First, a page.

“If couples cannot live on an amount less than 60 percent of their net pay, they will get into trouble financially,” Huff said.
“There are many resources online and in Christian bookstores that help flesh out the manual part of putting together a spending plan (or) budget. I still fall back on items developed by Larry Burkett and Crown Financial Ministries,” Huff said.
Students who are engaged can start out successfully if they plan for their marriage before it happens.
Huff gave many tips for engaged couples that plan to get married before graduating.
“Engaged couples … should review their current financial status — what they own, owe, spending patterns, financial knowledge and what they believe the Lord expects of them individually and as a couple,” Huff said.
Liberty pole vaulter Justin Savini and Liberty softball player J’nae Jefferson met during their first week at Liberty and are getting married this summer. They have been getting help with their finances for quite some time through business partners.
“We are involved with a business team that endorses and markets for Amway Global, and we receive direct financial counsel from couples who are in life where we desire to be financially, and we listen and learn from people that are where we want to be financially,” Savini said.
Although students successfully make it through school while married, it can be a struggle. There are many costs that students do not foresee and that can hurt them.
According to Huff, there are nine basic needs for which a couple should save for. They include living costs, rent/housing costs, insurance costs, medical costs, transportation costs, schooling costs, and food.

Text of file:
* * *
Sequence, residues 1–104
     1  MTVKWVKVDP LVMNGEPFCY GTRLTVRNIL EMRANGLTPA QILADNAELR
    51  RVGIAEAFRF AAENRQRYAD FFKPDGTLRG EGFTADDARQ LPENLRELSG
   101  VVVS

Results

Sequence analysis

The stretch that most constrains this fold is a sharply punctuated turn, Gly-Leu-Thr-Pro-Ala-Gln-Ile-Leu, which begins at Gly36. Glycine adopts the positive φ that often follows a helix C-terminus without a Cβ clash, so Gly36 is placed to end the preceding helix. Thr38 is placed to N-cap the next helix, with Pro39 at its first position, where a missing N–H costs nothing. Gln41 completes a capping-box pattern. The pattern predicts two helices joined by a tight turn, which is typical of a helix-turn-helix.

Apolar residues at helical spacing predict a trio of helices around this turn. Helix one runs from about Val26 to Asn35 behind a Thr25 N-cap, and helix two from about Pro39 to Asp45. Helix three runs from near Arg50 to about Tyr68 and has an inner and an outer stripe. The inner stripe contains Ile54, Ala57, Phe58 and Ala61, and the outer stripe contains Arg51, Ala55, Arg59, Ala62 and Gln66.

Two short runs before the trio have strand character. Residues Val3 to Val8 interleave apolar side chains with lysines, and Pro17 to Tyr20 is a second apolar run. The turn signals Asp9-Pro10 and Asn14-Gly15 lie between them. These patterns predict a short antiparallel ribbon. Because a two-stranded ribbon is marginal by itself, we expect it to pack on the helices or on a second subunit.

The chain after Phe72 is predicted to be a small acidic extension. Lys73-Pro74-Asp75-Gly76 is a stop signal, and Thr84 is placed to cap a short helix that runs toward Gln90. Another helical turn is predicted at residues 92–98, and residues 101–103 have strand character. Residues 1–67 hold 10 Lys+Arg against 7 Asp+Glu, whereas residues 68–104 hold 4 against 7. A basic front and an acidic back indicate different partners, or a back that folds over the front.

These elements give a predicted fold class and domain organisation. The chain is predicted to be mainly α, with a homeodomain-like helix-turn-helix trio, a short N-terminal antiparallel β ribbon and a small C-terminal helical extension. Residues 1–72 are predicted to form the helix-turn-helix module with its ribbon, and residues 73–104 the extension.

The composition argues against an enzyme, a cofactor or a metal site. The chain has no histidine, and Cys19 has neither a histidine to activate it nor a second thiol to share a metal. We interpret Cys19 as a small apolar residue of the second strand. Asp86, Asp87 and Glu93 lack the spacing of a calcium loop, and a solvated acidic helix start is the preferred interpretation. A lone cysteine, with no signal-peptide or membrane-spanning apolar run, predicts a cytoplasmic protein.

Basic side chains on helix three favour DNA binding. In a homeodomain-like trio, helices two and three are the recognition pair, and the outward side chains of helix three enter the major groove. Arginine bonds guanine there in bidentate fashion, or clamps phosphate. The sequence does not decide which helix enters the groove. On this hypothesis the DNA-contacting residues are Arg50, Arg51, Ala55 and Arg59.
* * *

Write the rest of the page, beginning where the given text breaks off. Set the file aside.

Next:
Another thing that engaged couples need to think about months before the wedding is building a cash reserve so that when emergencies occur, they have money to fall back on. Emergencies for a cash reserve include car repairs, sickness, appliance repair and job loss. This is essential because emergencies happen, and they do not need to put a couple into debt, according to Huff.
If the couple does not talk about this on their own, a premarital counselor will most likely bring it up. Huff encourages students to take advantage of classes offered at churches for engaged couples.
Another important thing that a couple must decide who will be paying the bills.
“The couple should resolve to jointly determine their spending plan, then decide who should be responsible for the day to day financial operations, such as bill paying. (It) does not matter who actually does it, as long as both agree how and what should be done,” Huff said.
Huff then explained that the most important first step in getting a couple’s finances ready for marriage is handing the situation over the Lord.
“The next step is to formally turn over their lives as a couple, their possessions and resources for the Lord to use as He directs. When this is done, the financial issues are the Lord’s. Stress, worry and anxiety are eliminated,” Huff said.
Contact Katie Marvel at